Congenital Hypoplastic Anemia

Hypoplastic anemia is a broad category of anemias characterized by decreased production of red blood cells. Congenital hypoplastic anemia, also called aplastic anemia, is a condition that results from injury to the blood stem cells. As a result, there is a reduction in all blood cell types with this type of anemia (pancytopenia). The cause of aplastic anemia is unknown. The current thinking is that it may be associated with an autoimmune process in which the body reacting against its own cells.1 Drugs that have been associated with stem cell injury include estrogen, phenylbutazone, meclofenamic acid, phenobarbital, phenytoin, colchicine, chloramphenicol, thiacetarsamide, and albendazole (a broad-spectrum anthelmintic).



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Signs arise as the consequence of bone marrow failure and the loss of blood cell production. Low red blood cell count (anemia) leads to fatigue and weakness. Low white cell count (leukopenia) causes an increased risk of infection. Low platelet count (thrombocytopenia) results in bleeding, especially of mucus membranes and skin.1 Aplastic anemia is treated with androgens, high-dose methylprednisolone, cyclosporine A (CyA), antithymocyte globulin (ATG), antilymphocyte globulin (ALG), hematopoietic growth factors such as G-CSF, and bone marrow transplantation.2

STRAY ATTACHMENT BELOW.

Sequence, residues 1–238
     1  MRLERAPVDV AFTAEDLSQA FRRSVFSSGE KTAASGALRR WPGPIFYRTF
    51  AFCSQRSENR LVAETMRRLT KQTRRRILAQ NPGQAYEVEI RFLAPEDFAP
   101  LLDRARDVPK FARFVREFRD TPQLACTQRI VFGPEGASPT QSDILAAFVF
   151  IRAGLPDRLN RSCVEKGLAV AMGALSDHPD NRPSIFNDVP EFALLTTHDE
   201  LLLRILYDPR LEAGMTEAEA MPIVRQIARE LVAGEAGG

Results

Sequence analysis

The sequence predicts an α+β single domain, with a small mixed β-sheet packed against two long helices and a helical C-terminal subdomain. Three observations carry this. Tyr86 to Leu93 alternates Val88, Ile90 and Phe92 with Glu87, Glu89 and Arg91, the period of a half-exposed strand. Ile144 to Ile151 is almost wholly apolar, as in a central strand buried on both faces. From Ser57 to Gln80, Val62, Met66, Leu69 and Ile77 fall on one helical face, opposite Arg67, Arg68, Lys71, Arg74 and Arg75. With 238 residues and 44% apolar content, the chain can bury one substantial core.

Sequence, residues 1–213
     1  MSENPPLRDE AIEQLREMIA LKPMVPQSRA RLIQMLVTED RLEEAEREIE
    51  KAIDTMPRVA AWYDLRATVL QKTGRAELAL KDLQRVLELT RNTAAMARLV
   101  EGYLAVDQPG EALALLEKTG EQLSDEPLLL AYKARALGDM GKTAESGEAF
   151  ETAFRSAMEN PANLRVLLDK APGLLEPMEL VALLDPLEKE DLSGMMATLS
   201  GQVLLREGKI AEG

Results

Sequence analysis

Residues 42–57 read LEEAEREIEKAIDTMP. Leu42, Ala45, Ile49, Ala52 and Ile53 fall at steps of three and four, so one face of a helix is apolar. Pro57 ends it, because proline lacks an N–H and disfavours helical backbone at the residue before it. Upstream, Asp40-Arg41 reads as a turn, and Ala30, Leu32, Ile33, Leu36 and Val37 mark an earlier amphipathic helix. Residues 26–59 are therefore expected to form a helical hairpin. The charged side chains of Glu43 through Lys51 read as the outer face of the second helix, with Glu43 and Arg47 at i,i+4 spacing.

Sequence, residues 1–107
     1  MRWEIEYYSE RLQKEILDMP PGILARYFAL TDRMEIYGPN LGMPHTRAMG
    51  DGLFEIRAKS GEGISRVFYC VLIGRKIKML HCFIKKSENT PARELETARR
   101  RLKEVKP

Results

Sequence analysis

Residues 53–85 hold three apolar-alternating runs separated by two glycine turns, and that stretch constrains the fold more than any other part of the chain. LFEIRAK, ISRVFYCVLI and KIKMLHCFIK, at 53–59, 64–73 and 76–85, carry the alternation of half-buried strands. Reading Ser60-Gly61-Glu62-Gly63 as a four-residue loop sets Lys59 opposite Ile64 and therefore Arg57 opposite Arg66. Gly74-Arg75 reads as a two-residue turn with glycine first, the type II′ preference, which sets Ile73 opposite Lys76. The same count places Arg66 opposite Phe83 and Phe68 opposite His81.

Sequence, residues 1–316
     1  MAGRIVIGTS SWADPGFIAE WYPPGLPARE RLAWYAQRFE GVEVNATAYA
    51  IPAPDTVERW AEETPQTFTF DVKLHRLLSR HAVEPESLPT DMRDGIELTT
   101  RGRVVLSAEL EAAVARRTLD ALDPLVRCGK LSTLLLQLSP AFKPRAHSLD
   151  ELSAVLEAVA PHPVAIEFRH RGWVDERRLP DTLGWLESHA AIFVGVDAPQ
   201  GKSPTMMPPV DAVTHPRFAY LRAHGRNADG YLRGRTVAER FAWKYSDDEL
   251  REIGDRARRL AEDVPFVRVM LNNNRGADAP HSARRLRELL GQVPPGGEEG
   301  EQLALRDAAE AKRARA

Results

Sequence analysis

Congenital Hypoplastic Anemia in dogs

References

  1. Idiopathic aplastic anemia. MedlinePlus
  2. Masanao Teramura, M.D., Hideaki Mizoguchi, M.D. Special Education. The 'Oncologist, Vol. 1, No. 3, 187-189, June 1996
  3. Mary Anna Thrall. Veterinary Hematology and Clinical Chemistry



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